I remember standing on my Watney’s beer crate at Portman Road in 1979 watching Trevor Francis make his Nottingham Forest debut against my beloved Ipswich Town. It was a notable occasion as it marked the appearance of Britain’s firstever £1m footballer.
“What a waste of money,” bellowed from the stands every time he touched the ball. He didn’t score that day (although we lost 1-0) but it turned out he was not a waste of money after all, as his winning goal n the 1979 European Cup Final testified.
But for every Trevor Francis there has been a Robinho or even a Finidi George. Such highly paid players have, justifiably, been jeered by disgruntled fans for failing to turn on the style.
I am sure that just as football fans do not mind paying a star striker who scores goals for fun, investors probably will not mind paying a little extra for decent performance from their fund manager.
Sadly, many funds that charge the highest fees are also among the worst performers.
The subject of fees is an emotive subject and it is in the spotlight again – not surprising given the investment climate.
When shares are soaring, little attention is paid to the amount in fees that investment companies receive. But when fund values are falling, the costs paid by investors account for a greater proportion of their total returns – and it gets noticed.
Understandably, companies need to levy charges to cover their costs and return a profit. Even something as simple as sending out a statement costs money, particularly when there are tens of thousands of investors on the books. Then there is the cost of paying servicing costs to intermediaries.
But the annual management charge is just the beginning and even the total expense ratio still does not include all costs.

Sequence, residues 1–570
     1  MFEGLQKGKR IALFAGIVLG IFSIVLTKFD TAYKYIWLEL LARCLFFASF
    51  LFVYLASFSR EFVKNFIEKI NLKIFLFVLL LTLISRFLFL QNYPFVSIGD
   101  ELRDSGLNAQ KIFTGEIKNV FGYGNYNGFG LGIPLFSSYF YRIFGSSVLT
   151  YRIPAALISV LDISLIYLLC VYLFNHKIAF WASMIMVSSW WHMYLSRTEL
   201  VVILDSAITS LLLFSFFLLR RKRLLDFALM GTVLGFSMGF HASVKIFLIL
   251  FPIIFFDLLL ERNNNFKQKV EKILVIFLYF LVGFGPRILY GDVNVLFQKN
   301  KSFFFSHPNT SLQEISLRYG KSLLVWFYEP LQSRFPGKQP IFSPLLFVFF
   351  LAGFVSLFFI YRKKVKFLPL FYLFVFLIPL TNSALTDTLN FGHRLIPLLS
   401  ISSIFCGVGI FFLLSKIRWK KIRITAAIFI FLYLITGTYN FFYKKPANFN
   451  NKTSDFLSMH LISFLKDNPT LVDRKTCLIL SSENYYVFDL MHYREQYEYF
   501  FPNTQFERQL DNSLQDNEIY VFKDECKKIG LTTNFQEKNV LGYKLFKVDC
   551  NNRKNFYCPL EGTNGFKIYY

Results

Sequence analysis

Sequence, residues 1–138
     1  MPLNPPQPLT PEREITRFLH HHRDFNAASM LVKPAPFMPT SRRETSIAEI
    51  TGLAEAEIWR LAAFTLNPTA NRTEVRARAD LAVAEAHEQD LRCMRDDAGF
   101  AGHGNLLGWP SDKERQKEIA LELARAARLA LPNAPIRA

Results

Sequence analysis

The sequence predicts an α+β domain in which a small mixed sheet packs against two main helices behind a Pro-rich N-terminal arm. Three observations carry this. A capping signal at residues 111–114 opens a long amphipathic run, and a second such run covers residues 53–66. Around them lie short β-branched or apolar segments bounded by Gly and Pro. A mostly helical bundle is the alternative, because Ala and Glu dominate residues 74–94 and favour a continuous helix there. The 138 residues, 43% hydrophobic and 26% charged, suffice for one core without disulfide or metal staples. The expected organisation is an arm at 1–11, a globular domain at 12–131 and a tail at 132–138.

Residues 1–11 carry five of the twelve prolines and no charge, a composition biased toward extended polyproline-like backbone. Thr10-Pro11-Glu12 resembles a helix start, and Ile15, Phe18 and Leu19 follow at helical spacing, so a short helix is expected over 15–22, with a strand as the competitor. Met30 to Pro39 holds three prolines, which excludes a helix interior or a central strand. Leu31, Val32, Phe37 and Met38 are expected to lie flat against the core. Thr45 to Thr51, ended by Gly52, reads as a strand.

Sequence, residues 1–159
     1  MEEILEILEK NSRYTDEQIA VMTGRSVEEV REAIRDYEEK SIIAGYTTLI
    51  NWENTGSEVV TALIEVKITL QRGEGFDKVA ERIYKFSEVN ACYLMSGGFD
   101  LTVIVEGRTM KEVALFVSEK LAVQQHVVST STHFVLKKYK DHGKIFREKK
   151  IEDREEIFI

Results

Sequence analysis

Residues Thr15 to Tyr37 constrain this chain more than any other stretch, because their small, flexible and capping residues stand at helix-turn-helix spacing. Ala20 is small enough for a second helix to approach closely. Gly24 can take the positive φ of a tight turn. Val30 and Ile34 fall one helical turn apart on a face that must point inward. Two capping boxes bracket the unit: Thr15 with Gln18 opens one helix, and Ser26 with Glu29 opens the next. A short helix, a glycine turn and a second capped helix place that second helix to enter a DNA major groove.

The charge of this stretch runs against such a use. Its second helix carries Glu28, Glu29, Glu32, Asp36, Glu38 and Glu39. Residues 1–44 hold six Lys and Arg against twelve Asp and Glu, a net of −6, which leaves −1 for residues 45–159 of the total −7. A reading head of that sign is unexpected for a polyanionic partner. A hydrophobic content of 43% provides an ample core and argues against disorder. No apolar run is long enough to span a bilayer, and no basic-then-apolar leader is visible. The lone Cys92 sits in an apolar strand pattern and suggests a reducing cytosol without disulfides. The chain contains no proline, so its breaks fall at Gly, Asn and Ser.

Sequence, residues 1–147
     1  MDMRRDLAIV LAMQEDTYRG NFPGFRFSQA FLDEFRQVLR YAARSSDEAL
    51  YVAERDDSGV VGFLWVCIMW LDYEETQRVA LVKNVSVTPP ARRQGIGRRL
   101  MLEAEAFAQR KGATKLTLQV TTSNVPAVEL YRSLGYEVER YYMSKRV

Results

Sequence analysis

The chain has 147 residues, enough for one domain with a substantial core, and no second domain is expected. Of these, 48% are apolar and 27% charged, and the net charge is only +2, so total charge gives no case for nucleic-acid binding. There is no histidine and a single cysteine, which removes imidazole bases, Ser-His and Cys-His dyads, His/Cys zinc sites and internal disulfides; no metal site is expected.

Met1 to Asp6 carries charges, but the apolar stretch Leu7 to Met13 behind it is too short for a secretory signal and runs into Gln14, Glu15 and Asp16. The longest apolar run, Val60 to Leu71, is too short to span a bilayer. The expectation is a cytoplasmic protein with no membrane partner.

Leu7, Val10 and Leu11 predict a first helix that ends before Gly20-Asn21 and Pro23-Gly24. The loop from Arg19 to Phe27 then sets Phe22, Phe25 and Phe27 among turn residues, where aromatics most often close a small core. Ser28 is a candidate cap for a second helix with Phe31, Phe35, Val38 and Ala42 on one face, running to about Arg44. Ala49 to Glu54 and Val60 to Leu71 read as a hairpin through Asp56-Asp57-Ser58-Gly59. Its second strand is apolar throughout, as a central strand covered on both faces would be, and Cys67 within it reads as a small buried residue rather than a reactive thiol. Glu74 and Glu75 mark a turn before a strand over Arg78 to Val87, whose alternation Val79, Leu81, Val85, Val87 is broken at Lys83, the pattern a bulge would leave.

As Clive Waller at CWC Research says: “The AMC is a useless figure, the TER is misleading because it is not total – it does not include dealing charges or, if it is a fund of funds, the charges on the underlying funds. If the buyer knows exactly what the true cost is, he can compare fund manager performance against charges and make an informed decision.”
However, until full transparency is introduced, the TER will have to do – and at least it gives you some idea of the actual charge you pay.
Fund managers that levy high TERs justify the amount with the argument that it is results that count. They have a point – it will not bother you or your client one jot if you are paying a higher TER for consistent outperformance.
However, the vast majority of funds fail investors with their performance year in year out.
One group of funds that have been outed for offering poor value is multi-manager funds. I recall when all and sundry jumped on the multi-manager bandwagon started in the late 1990s. One provider spun the “Stella Artois” line in that multi-managers are “reassuringly expensive” because the funds are run by experts. Much like the ad, the catchline is outdated and extremely misleading.
I criticised Skandia best ideas last month but the likes of Henderson, Gartmore are among those firms that have funds that struggle to deliver aboveaverage returns, yet levy higher than average TERs for their sector.
The most shocking performance, though, comes from Insight – four of its five multi-manager funds have delivered fourth-quartile performance over the past one, three and five years, according to Morningstar. The remaining fund has delivered fourth quartile over one and three years and third-quar-tile numbers over five years. Such dismal performances certainly deserve a chorus of “what a waste of money”.
Paul Farrow is personal finance editor at the Telegraph Media Group